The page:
Whether you call her Ilsa, Greta, or Wanda, she's a Thorne in everyone's sides.
Above is a Japanese poster for Ilsa, the Wicked Warden. We've already shown you Japanese posters for what we assumed was the complete Ilsa trilogy of torturesploitation flicks starring Dyanne Thorne, but when we saw this one we got a little confused. This was originally released in West Germany in January 1977—before the third official Ilsa film. It was not originally titled Ilsa the Wicked Warden, but Greta - Haus ohne Männer, as well as Wanda, the Wicked Warden. But still, since it came out before Ilsa 3, we thought maybe it was part of the group. So is it an Ilsa movie or not? Only one way to find out.
*cut to ninety minutes later*
Well, it's an Ilsa movie in spirit, but since Thorne plays a character named Greta, it isn't canonical. An enterprising video distributor renamed it to sucker aficionados of the first two Ilsa flicks. We doubt those fans felt tricked—Greta is identical to the other efforts, but without the nazi backstory. It was made under the steady, sleazy hand of veteran smut director Jesús Franco, and plotwise Tania Busselier goes undercover into Thorne's brutal Las Palomas mental institution/supermax prison in order to expose its corruption, but in risking her body and mind gets far more than she bargained for. And by more we mean whippings, various sexual invasions, and, probably, a sense of dismay about the direction of her film career.
The movie is really just an episodic collection of torture set pieces interspersed with sex scenes, and it's absolutely awful. There's no way to get around that fact. It's ridiculously written and atrociously acted, which we sometimes don't mind if a film has a certain spark, but this one is like a broken down horse with ticks and saddlesores. It'll get you somewhere but it won't be a pleasant ride. Thorne shows everything she's got, but while her fuzzy nooks and crannies may be a draw for some, we cannot recommend a movie this bad, even for people who think they're clever enough to make fun of it. Greta - Haus ohne Männer, aka Ilsa the Wicked Warden, aka Wanda, the Wicked Warden premiered in Japan today in 1977. If you're curious, here are our entries on the actual Ilsa canon—one, two, three. |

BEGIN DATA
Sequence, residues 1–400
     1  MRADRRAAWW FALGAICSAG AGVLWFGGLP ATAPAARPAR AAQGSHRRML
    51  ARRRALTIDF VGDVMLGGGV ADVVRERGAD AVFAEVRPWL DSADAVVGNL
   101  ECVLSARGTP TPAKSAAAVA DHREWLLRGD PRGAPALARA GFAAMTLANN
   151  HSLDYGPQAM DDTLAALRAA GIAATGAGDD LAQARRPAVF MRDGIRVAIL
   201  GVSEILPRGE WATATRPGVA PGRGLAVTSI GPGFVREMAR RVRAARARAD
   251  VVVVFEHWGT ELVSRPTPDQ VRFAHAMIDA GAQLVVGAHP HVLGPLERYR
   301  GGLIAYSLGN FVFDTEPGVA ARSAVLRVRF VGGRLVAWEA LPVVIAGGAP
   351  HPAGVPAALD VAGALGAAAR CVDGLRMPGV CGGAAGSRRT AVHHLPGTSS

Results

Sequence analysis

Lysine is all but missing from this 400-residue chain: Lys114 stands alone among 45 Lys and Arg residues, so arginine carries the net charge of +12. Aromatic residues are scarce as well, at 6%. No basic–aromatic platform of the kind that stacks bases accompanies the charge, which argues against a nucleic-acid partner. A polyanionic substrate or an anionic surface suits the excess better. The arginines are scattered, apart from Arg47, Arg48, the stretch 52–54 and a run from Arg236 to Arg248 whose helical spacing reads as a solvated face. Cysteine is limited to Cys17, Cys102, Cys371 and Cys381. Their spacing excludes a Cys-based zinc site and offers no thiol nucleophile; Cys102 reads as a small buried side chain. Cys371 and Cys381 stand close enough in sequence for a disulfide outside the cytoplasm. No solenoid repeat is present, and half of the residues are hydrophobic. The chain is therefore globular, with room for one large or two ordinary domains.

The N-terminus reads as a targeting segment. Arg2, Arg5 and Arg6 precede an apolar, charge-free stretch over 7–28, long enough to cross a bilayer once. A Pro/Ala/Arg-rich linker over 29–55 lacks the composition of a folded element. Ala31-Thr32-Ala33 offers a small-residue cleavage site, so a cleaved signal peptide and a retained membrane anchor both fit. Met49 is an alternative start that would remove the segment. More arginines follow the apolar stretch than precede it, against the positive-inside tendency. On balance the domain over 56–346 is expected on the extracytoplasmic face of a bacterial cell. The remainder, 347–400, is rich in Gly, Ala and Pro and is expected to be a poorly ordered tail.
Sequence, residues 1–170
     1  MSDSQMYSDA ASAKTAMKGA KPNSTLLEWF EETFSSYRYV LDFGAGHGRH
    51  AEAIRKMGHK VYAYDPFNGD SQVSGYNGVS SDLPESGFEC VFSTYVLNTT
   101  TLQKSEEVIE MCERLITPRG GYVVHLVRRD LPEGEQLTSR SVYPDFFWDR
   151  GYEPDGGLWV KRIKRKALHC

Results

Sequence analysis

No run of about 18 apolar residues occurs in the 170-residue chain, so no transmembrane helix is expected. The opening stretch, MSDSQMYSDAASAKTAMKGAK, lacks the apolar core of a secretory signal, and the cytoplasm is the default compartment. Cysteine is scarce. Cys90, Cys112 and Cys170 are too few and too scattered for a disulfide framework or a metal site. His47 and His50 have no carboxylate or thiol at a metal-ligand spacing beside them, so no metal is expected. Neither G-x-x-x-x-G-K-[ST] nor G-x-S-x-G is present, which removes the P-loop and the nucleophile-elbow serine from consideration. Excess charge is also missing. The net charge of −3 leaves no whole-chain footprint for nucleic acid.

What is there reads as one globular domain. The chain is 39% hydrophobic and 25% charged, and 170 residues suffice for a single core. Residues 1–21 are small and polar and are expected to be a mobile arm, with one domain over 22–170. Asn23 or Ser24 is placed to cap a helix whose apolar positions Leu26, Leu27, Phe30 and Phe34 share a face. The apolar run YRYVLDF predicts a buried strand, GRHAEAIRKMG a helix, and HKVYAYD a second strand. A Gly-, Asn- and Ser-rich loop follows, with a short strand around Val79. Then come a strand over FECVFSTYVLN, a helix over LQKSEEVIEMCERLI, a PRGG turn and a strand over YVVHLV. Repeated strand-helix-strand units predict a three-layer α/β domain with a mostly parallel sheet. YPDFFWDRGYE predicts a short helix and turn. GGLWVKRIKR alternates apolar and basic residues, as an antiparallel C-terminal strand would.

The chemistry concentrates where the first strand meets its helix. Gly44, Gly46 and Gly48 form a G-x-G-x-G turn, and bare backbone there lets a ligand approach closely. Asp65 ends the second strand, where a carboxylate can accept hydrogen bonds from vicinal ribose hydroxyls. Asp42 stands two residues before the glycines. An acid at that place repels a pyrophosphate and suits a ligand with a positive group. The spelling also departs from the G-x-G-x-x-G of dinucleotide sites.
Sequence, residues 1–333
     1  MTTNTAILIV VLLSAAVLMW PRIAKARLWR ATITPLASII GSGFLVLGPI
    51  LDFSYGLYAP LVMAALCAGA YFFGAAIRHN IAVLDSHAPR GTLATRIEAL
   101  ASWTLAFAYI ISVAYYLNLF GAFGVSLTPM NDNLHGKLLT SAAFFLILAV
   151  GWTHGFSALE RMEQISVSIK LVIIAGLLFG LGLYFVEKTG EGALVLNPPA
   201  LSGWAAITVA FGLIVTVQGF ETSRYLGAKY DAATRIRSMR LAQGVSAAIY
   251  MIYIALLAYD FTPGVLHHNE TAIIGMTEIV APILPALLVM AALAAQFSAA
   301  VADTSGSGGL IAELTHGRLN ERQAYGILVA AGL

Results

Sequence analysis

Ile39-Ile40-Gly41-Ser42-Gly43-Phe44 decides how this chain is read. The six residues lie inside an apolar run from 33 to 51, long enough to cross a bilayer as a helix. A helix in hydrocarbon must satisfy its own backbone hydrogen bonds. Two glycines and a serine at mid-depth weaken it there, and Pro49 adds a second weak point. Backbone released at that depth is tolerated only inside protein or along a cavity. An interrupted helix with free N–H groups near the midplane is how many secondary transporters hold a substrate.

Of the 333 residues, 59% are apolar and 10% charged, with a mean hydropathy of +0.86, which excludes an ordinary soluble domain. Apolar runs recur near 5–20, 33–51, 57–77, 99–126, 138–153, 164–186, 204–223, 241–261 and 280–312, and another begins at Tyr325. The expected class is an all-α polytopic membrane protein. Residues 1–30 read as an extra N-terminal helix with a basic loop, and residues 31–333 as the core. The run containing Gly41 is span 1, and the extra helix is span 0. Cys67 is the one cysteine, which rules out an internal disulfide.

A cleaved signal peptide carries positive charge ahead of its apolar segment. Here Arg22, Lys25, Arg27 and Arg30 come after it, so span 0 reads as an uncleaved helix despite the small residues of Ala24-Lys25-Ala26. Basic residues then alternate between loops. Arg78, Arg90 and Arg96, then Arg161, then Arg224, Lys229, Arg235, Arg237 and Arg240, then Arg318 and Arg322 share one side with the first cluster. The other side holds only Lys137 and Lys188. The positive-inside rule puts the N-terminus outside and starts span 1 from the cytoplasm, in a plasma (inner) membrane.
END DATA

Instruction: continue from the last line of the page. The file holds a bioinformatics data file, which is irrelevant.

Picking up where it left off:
The headlines that mattered yesteryear.
1969—The Krays Are Found Guilty of Murder
In England, twins Ronald and Reginald Kray are found guilty of the murder of Jack McVitie. The Kray brothers had been notorious gangsters in London's East End, and for their crimes both were sentenced to life in prison, and both eventually died behind bars. Their story later inspired a 1990 motion picture entitled The Krays.
1975—Charlie Chaplin Is Knighted
British-born comic genius Charlie Chaplin, whose long and turbulent career in the U.S. had been brought to an abrupt end when he was branded a communist and denied a residence visa, is bestowed a knighthood at London's Buckingham Palace. Chaplin died two years later and even then peace eluded him, as his body was stolen from its grave for eleven weeks by men trying to extort money from the Chaplin family.
1959—Lou Costello Dies
American comedian Lou Costello, of the famous comedy team Abbott & Costello, dies of a heart attack at Doctors' Hospital in Beverly Hills, three days before his 53rd birthday. His career spanned radio and film, silent movies and talkies, vaudeville and cinema, and in his heyday he was, along with partner Abbott, one of the most beloved personalities in Hollywood.
1933—King Kong Opens
The first version of King Kong
, starring Bruce Cabot, Robert Armstrong and Fay Wray, and with the giant ape Kong brought to life with stop-action photography, opens at Radio City Music Hall in New York City. The film goes on to play worldwide to good reviews and huge crowds, and spawns numerous sequels and reworkings over the next eighty years.
1949—James Gallagher Completes Round-the-World Flight
Captain James Gallagher and a crew of fourteen land their B-50 Superfortress named Lucky Lady II in Fort Worth, Texas, thus completing the first non-stop around-the-world airplane flight. The entire trip from takeoff to touchdown took ninety-four hours and one minute.
1953—Oscars Are Shown on Television
The 26th Academy Awards are broadcast on television by NBC, the first time the awards have been shown on television. Audiences watch live as From Here to Eternity wins for Best Picture, and William Holden and Audrey Hepburn earn statues in the best acting categories for Stalag 17 and Roman Holiday.